Chekov’s characters] do not exactly forget to be themselves. they forget to act as purposeful fictional characters; they mislay their scripts; they stop being actors–James Wood, The Broken Estate
Writers are hopelessly dependent on characters. Besides being the chief elements readers can identify with, they’re the only elements besides the writer that can change what happens. It’s what characters want or don’t want that changes things, and narrative arcs (and plots) that don’t flow from their desires are rarely believable. (We all know about stories that end with lottery wins, people dying or another act of God.)
Characters are the victims or the heroes of the story. They are effected by events and push back against them–or don’t. In fact, fiction depends on characters so much there’s a myth that you have to start with a clear idea of a character or characters. But characterization is a notion invented long after people began to tell stories. Some writers start their stories with an image, a plot, a title, a or scene and meet their characters later. And writers who start with characters may seem luckier, but often these characters resist a narrative arc. What is true is the eventually, the plot must flow from the motivation of the characters. Characters either transform or don’t. And transformation or resistance to transformation is a key element in creating the illusion of time in fiction.
In the beginning of almost every good story, whether it is intentional or not, almost all writers consistently reveal the following information about the character. If you read any number of beginning pages, you’ll discover that this is true:
level of education
Except for one dramatic event (and sometimes not even one) the plot should flow from the motivations of the characters
You don’t have to start a story because of an interest in a character;; but ultimately the characters must begin to guide the story.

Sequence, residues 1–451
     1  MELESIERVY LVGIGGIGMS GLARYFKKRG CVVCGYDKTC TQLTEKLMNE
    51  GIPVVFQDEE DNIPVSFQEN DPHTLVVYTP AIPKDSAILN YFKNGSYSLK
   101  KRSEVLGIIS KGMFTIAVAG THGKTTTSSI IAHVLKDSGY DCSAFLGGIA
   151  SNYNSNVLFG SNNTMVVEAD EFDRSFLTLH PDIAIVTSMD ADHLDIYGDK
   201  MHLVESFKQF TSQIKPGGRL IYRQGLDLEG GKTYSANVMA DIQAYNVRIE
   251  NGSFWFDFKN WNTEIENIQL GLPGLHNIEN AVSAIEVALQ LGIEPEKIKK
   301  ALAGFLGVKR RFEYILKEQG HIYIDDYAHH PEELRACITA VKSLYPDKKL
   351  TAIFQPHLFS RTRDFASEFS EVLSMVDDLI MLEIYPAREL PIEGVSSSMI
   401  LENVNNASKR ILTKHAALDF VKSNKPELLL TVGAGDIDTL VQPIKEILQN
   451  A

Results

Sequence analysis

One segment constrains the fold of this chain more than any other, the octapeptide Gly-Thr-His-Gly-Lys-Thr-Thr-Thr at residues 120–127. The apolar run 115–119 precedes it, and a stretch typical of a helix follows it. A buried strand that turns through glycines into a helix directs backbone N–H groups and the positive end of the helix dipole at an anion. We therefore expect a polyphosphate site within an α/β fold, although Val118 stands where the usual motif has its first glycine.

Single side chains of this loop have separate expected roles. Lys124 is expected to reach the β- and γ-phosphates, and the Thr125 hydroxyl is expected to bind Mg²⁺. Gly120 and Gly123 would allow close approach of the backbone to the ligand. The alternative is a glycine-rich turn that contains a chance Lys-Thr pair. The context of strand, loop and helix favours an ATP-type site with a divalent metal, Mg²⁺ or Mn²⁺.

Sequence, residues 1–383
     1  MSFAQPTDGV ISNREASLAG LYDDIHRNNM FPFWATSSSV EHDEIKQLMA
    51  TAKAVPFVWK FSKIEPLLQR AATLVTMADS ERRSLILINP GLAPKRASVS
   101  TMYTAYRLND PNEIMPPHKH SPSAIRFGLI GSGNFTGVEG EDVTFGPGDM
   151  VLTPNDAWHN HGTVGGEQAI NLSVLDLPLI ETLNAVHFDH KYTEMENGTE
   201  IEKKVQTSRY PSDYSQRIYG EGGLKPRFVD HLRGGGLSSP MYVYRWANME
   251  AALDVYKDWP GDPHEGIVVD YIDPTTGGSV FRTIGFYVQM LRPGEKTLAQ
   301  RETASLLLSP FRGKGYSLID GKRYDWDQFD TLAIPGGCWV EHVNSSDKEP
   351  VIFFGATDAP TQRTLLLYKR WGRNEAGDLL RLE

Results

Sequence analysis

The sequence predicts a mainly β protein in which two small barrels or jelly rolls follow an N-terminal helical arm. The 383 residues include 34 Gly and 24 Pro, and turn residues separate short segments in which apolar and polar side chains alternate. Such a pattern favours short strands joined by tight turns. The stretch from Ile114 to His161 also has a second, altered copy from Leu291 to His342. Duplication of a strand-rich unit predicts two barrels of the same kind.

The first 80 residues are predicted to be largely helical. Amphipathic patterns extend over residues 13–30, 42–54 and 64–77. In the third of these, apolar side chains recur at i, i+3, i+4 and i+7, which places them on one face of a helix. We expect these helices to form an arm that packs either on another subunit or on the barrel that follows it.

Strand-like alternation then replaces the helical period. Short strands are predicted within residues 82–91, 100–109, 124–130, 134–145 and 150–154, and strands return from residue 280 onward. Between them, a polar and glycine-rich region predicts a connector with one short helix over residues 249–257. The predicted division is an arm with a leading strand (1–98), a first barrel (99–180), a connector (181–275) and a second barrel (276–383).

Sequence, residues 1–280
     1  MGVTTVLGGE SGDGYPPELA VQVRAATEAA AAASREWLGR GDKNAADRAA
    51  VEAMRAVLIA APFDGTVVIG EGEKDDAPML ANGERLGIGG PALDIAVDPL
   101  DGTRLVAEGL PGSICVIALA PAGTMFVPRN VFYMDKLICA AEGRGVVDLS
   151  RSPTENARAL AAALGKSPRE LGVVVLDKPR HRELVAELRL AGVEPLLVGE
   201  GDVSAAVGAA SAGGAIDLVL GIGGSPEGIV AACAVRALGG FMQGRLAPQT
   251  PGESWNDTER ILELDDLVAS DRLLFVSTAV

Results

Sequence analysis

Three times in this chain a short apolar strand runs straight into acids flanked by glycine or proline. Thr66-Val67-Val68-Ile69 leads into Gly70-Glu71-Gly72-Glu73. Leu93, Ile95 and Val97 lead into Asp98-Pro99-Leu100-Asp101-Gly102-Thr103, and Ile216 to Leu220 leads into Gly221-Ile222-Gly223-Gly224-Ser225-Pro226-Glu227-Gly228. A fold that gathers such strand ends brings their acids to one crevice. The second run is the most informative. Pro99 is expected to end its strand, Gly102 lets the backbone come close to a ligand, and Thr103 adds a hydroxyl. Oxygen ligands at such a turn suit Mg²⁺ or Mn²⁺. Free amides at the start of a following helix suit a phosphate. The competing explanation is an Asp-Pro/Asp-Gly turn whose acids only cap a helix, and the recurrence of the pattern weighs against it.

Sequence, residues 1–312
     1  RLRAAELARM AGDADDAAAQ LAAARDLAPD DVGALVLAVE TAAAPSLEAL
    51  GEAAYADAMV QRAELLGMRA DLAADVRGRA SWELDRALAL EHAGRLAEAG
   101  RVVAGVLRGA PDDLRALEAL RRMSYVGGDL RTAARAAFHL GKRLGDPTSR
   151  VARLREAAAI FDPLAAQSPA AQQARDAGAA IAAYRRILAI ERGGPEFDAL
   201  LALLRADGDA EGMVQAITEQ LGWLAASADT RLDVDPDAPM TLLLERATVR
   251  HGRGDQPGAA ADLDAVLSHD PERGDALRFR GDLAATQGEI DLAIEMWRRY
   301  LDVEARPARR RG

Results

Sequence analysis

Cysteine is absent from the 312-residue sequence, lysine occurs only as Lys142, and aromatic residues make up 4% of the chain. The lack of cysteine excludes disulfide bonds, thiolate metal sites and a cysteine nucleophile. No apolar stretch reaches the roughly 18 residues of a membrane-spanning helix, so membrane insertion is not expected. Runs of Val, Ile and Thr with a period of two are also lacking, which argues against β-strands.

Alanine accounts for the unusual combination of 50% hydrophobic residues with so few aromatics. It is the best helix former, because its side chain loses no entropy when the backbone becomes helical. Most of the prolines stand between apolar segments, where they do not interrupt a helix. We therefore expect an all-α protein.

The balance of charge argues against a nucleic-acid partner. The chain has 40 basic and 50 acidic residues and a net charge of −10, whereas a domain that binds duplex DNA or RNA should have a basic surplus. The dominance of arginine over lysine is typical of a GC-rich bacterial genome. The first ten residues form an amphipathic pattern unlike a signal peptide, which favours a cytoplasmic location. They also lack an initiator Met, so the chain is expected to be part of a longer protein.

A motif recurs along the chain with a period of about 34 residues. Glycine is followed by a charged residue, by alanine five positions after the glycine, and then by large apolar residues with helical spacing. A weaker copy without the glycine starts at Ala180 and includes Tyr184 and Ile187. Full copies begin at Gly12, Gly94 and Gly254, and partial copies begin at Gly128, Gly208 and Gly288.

The writer is always separatefrom the characters.
Characters usually change stories by acting out of character in convincing ways orby having an opportunity to act out of character and thus change their lives and not taking the opportunity.
Most dialogue between characters reflects a relationshipbetween two people, rather than a monologue.
Although almost every good story identifies characters quickly, neverinclude something about a character that doesn’t interest you.
A Short Lexicon
Narrative persona— The narrative persona is the cloak–or personality–that the writer assumes in order to tell a story. One might think of it as the narrator behind the scenes—so even in first person narrations, there is an invisible puppet master guiding the unfolding of the story.
The narrative persona defines the writer’s relationship to the characters—whether the narrator feels distant from them, close to them. It also includes the writer’s sense about the truth of the story. Characters may believe things that the narrative persona isn’t convinced of, and may not believe things that the narrative persona is convinced of. Narrative persona is conveyed by tone, pacing, use of language, distance from characters, and concentration on (or lack of concentration on) description. The persona in Felicity’s Journeyis a different persona from the one who wrote William’s Trevor’s short fiction.
Narrative personais different from point of view, which defines the various perspectives from which a story is told. Pont of view intersects with the work of the narrative persona because writers often feel a tension between the narrator, who in some sense is inthe story and the omniscient writer (who is in some sense outsidethe story). One might say that the writer, who knows the story, is always banished from the story precisely because the knowledge prevents the unfolding and discovery of the story.
Embodiment—is the literal sense of a character’s body, moving through space and taking up room as a physical presence. A kinesthetic sense of a character lets you have transmit a character instinctively. Sometimes, it can create a character without a lot of description. If you’re character is embodied, it’s often easier to convey how characters relate to the space around them—how they walk down the street, what objects are important to them.
Suggested Text:THE BROKEN ESTATE-by James Wood, Essays on Literature and Belief